I’ve always worked more than the forty hours a week required of me (sometimes a lot more) and one thing working from home enabled me to do was to make sure that my best waking hours were spent on productive tasks (the morning commute killed that). Now getting the kids up, dressed, fed, and driving them to daycare has undone that. I love dropping the older one off though.

Working with the kids in the house can be even more challenging. Before my wife went back to work full time after the birth of our second child the older child only went to daycare two days a week. My favorite part of the day was when he came into my office to say hello following his naps. My least favorite part was the six to ten times he got up and came in after he was put down for his nap but before he fell asleep. (I’m becoming convinced that the bedtime story where the child falls right asleep is a Hollywood fantasy.)

On the other hand I did get to see them when I took a break for some food and was able to look out the window to see the older one playing in the backyard (at which point I would give anything to go out and play with him rather than return to my spreadsheet).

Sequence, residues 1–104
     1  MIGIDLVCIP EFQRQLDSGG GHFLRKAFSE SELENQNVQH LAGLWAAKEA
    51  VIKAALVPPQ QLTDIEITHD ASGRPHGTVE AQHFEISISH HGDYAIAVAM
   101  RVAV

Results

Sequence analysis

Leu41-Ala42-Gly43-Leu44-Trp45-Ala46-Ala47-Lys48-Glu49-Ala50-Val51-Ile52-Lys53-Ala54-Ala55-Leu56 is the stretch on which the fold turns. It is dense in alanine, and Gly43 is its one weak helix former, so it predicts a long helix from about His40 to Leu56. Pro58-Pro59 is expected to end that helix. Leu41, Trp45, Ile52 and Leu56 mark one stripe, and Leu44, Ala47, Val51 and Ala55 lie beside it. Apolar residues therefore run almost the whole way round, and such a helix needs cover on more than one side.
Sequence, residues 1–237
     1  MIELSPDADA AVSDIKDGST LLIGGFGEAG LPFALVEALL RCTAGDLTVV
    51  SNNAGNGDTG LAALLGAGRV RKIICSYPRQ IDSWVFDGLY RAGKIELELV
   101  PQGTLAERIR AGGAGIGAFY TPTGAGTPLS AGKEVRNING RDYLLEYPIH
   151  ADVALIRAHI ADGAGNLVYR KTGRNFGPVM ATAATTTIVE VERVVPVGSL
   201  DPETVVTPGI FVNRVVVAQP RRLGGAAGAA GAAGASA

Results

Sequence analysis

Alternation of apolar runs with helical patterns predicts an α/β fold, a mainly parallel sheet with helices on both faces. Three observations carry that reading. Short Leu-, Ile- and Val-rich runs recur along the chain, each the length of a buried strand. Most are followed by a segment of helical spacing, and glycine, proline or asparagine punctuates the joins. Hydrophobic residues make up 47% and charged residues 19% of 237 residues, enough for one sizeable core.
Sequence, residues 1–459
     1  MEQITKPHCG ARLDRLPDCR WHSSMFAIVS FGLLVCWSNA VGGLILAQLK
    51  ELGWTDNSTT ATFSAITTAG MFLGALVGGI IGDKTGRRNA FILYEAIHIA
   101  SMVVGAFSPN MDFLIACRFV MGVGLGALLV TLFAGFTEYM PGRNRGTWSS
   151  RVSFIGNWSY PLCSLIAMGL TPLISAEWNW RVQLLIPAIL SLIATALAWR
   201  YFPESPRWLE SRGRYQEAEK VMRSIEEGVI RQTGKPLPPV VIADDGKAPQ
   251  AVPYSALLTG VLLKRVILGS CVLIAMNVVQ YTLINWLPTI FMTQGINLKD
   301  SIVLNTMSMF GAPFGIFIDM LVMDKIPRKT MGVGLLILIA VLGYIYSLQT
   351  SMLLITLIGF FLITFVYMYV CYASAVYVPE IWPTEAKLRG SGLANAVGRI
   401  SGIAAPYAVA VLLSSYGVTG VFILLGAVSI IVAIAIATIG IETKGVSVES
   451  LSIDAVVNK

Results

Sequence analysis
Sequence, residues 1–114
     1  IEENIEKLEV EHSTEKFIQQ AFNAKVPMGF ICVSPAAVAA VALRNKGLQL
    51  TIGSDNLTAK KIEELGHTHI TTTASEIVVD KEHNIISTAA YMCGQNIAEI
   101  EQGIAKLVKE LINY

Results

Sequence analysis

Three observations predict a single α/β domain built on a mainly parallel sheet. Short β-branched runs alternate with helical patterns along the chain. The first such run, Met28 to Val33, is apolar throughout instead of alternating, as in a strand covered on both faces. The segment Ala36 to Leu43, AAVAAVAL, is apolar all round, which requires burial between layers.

I’m learning that organization and adaptation are some of the key traits of being a busy parent. Your obligation to work comes after your obligation to your family and it is a difficult juggling act. Both under one roof has unique challenges and rewards.

I still love working from home and wouldn’t voluntarily return to office life.

Books for your business and career

A blog with no content isn’t much use so I thought a good first post would be to point you to some great content–some of the books I’ve read that have shaped the way I think about business.

Harvard Business Review on Managing Yourself

This book is a compilation of advice from business leaders on how to manage your life and career. I found it to be a great read as having been in the business world for a while it caused me to take a step back and reevaluate where I was and where I wanted to go.

(It looks like this book is out of print and has been replaced with this.)